It would be recalled that prior to his emergence as PDP presidential candidate, Atiku had hinted at the possibility of doing a single term in office if he were to win the election. But sources within the PDP presidential campaign organization confided in The Guardian that Atiku declined from further talks on the promise of one term in office when it became obvious that some Southeast governors were working at cross purposes with the party to strike a deal with APC.
Now, barely 10 months after the 2019 presidential election, PDP is said to be grappling with the carryover of former unfinished schemes, especially the issue of zoning, not only the presidential ticket but also the office of the national chairman.
Schemes of the three Waziris
MULTIPLE sources recently confirmed to The Guardian that of all the major issues quietly roiling the main opposition party, rebuilding the party’s structure in the north remains key. A member of the party’s Board of Trustees (BoT), who asked not to be identified, disclosed that an unfinished task for the party in the north is how to pacify critical stakeholders that stood with PDP though thick and thin during its travails.
He stated that even though Atiku embarked on shuttle diplomacy to build confidence among the stakeholders, particularly those that aspired for the presidential ticket, most of them are not happy with the way he treated the party on various issues in the past.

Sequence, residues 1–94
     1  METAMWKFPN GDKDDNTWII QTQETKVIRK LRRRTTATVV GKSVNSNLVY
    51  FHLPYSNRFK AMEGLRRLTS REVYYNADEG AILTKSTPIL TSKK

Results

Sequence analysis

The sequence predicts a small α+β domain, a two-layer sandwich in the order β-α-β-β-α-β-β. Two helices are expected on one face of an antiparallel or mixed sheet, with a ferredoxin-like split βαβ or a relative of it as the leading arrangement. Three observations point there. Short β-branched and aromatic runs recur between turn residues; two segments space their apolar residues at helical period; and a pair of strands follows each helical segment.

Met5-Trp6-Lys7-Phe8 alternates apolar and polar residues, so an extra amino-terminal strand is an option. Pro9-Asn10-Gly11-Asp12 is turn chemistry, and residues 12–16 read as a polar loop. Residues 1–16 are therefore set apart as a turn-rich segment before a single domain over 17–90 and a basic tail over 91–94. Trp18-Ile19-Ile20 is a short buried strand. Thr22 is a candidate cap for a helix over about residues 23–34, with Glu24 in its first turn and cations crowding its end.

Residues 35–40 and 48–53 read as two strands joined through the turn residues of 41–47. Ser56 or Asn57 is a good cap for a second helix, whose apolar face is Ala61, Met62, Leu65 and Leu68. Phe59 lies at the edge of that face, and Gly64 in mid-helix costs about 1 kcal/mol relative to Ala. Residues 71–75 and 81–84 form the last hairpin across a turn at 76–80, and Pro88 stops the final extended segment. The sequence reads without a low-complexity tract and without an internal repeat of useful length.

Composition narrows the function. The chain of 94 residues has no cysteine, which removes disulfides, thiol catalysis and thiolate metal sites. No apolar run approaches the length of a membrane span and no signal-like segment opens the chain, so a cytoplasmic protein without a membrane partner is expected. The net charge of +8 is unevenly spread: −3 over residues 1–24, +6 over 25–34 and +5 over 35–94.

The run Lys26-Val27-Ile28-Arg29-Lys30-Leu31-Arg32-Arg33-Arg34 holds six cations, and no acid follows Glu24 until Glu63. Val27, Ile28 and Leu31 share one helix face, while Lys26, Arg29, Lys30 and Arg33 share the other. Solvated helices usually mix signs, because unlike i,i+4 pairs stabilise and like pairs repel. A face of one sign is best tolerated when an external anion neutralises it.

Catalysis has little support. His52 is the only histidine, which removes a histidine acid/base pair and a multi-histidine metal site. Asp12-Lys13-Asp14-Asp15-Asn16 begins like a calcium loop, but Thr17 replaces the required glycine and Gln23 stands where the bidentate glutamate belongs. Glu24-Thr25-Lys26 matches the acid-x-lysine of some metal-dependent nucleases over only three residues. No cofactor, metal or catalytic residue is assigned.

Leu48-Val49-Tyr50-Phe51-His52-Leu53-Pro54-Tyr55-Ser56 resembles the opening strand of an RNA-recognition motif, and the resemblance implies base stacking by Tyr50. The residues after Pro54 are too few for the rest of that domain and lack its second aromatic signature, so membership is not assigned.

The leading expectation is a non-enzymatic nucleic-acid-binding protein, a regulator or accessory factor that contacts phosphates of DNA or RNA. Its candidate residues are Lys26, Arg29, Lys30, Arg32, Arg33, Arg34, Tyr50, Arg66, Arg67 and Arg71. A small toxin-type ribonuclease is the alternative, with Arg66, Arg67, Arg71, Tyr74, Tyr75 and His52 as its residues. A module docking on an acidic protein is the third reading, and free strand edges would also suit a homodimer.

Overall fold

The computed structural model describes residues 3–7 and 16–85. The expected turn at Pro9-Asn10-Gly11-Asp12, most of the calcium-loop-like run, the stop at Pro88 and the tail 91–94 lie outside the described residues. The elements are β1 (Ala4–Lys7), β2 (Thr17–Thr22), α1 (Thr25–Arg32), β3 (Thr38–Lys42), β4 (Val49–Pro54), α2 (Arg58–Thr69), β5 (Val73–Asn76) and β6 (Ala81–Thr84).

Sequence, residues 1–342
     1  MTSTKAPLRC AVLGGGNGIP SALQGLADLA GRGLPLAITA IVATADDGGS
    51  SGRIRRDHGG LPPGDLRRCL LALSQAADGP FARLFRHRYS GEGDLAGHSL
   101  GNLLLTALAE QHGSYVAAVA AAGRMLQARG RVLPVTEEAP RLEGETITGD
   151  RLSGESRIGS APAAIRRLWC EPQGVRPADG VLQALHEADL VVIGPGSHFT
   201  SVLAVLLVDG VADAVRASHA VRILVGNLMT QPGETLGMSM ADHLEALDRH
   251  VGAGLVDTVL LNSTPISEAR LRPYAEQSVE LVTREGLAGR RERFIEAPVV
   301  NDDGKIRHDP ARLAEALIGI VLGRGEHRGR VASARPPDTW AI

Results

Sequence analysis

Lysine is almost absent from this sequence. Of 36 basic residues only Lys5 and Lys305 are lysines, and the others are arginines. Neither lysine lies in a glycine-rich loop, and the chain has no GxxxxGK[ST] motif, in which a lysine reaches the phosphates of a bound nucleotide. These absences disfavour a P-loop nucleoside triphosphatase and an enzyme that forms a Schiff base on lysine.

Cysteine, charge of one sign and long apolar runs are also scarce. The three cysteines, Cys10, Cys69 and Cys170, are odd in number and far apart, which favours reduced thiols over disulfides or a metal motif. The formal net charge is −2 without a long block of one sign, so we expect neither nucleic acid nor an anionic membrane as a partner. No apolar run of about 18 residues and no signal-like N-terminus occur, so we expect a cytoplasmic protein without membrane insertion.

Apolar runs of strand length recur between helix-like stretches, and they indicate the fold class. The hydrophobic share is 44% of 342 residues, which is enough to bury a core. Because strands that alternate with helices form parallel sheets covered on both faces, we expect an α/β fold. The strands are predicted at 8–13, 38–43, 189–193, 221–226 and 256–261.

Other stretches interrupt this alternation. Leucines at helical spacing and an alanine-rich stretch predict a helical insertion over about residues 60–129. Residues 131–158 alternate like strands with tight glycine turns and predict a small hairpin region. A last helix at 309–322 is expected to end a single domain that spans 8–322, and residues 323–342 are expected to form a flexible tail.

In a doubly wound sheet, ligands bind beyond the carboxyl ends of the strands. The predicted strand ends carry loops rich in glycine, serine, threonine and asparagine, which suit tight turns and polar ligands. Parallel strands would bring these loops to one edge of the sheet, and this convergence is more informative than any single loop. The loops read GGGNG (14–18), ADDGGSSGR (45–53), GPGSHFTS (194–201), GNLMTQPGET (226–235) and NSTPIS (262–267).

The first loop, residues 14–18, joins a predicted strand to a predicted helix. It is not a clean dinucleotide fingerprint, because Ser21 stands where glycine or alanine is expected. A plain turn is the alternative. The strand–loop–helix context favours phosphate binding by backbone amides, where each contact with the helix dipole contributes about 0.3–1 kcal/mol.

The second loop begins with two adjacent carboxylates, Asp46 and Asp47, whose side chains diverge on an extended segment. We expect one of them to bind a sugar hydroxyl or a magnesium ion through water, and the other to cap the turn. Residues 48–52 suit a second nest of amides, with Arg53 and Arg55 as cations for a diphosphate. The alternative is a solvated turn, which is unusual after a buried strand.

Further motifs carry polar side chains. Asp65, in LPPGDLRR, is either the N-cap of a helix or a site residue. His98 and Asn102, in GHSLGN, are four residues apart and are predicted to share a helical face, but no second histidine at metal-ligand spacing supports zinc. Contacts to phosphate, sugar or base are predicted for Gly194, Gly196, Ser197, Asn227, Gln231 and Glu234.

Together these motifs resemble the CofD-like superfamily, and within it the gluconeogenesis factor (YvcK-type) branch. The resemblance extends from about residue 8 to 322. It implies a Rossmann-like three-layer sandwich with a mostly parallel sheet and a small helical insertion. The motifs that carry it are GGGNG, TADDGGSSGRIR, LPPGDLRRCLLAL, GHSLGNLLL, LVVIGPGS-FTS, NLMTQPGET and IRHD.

He said: “Some of us believe that the cold treatment his candidacy received from stakeholders followed his attitude towards consensus building. In 2007, he hurried out of the party to contest the presidential election. In 2010 after he rejoined the party, he became the consensus candidate of the north but lost the ticket to former President Goodluck Jonathan.
“So, we did not understand why he had to leave that party again four years after to support a man that does not value democracy. I will not tell you that we were all happy with the way the Jonathan people started muzzling the party structures for his second term, but it would have been better to remain and fight from within.”
While recalling how 16 governors, led by former Delta State governor, Chief James Ibori, concluded plans to support a joint Ekwueme and Atiku presidential ticket in 2003, the PDP chieftain stated that had Atiku agreed to the plan nothing would have stopped him from being president in 2007. He stressed that for a start, five former northern governors, including Attahiru Bafarawa (Sokoto), Senator Ahmed Makarfi (Kaduna), Sule Lamido (Jigawa), Mu’azu Babangida Aliu (Niger) and immediate past Governor of Gombe State, Dr. Ibrahim Dankwambo should form the nucleus of the search for unity in the north.
At the peak of insinuations that PDP has resolved to maintain the 2019 zoning arrangement that paired Atiku and Obi, the party’s national publicity secretary, Kola Ologbondiyan, denied the suggestion. Describing those behind the conjectures as political terrorists, Ologbondiyan said it was part of a grand design to use such fabrications to cause disaffection and “further their selfish political ambitions.”